by Melissa Brunner
I remember it clearly. In 1997, our local MDA Telethon segments were based out of West Ridge Mall. About mid-morning, I walked outside with a young man named Adam and his parents. Adam was all of six-years old and it was his first year at telethon with us - and it was my first telethon, too. We looked at the hillside behind the mall and saw some deer walking. It was a beautiful site on a picture-perfect morning.
Fast forward. Adam is now 22! And I am.... well, we won't say! We shared that memory this week when we visited MDA camp. Adam attended the camp for 10 years and now returns as a counselor. He says he's fortunate that the symptoms he experiences from his form of MD are mild enough that he can help the other kids cope with their conditions.
What's the big deal about summer camp? Imagine attending a school or growing up in a town where you are the only person with a disability. It's not that people are necessarily cruel or that they intentionally leave you out - but it can be hard for young people to remember to slow down - and it's tough to always be the one left behind. Neuromuscular diseases are progressive. In Adam's case, his condition may not be obvious to those who meet him. So, while his classmates got stronger and faster, he gradually became slower and found himself on the sidelines. It was frustrating.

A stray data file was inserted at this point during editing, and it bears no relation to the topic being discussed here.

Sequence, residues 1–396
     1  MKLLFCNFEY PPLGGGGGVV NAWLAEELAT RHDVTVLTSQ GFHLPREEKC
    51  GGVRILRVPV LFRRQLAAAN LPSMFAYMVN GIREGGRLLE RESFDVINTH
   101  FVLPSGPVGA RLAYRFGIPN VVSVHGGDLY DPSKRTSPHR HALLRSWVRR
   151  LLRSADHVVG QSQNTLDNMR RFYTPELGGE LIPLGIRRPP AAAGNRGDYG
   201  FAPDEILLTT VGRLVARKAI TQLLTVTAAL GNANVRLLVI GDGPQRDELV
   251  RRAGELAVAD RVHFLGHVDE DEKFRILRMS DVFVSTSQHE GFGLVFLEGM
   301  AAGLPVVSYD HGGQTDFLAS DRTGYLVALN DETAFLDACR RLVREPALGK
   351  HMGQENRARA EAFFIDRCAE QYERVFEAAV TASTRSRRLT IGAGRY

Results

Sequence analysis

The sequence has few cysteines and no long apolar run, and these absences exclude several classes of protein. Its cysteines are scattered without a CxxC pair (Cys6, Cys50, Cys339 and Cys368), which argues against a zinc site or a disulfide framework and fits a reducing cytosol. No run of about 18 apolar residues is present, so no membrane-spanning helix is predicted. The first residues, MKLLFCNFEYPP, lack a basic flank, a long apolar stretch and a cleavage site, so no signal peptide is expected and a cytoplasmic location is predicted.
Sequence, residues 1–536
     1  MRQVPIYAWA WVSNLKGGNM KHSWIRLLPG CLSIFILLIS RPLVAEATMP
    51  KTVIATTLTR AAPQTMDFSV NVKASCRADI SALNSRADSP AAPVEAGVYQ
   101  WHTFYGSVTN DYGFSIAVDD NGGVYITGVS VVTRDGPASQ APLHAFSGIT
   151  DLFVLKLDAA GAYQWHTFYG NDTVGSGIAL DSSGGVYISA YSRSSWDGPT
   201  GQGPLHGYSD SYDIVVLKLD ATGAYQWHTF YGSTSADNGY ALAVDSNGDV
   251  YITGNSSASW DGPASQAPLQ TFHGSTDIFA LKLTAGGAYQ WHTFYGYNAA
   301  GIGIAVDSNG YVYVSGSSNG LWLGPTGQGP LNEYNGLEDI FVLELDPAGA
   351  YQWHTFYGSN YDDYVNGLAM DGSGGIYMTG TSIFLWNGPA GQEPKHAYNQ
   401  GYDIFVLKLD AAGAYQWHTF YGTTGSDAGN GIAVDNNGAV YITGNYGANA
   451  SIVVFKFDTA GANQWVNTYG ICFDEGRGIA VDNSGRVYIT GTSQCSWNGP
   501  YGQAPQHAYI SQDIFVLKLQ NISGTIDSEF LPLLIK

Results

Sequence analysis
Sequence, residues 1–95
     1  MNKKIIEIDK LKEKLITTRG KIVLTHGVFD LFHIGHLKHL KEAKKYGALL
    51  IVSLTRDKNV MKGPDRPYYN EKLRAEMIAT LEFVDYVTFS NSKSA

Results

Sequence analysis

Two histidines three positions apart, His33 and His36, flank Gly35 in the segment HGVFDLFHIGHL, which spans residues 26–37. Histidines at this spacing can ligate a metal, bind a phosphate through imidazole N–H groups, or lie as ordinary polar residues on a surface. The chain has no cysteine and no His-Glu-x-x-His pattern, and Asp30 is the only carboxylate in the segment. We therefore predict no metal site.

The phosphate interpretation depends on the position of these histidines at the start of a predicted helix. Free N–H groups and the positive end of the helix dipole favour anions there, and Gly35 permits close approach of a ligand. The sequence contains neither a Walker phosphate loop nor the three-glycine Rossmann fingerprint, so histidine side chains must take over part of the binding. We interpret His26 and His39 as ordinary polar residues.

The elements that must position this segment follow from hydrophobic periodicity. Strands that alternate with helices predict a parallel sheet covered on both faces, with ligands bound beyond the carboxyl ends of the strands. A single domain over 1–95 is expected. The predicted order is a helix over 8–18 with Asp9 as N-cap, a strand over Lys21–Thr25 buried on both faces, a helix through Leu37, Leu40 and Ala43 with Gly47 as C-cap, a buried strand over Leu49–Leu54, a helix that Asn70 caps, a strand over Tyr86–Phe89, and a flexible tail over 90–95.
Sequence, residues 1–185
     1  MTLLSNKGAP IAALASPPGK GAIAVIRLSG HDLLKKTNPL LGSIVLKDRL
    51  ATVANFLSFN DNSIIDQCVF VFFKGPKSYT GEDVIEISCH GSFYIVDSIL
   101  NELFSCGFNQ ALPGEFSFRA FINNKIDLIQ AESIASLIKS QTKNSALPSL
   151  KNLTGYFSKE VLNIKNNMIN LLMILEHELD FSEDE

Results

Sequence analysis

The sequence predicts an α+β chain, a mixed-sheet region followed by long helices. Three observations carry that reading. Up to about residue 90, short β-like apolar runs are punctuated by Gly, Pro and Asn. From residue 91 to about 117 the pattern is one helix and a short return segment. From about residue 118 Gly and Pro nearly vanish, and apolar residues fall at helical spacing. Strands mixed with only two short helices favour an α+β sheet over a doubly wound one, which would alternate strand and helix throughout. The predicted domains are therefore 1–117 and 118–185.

Enter MDA camp. For the first time, he didn't feel like he was bringing anyone down if he couldn't run fast. Instead, he found people lifting him up. He was surrounded by others who understood the challenges and frustrations of wanting so badly for your body to do something that it just wouldn't. He also came to learn that, frankly, it didn't matter. He has mind, his personality and his will. With those things, you can achieve anything to which you set your mind, whether you get around with a wheelchair, leg braces or your legs themselves.
It is often said in MDA circles that the only muscle you need is your heart. Adam has that battle won. I have been privileged to come to know many people through MDA. Adam is just one of them. He credits MDA camp with making him the person he is today. I credit Adam and people like him for making me the person I am today as well. Adam, you are truly an inspiration.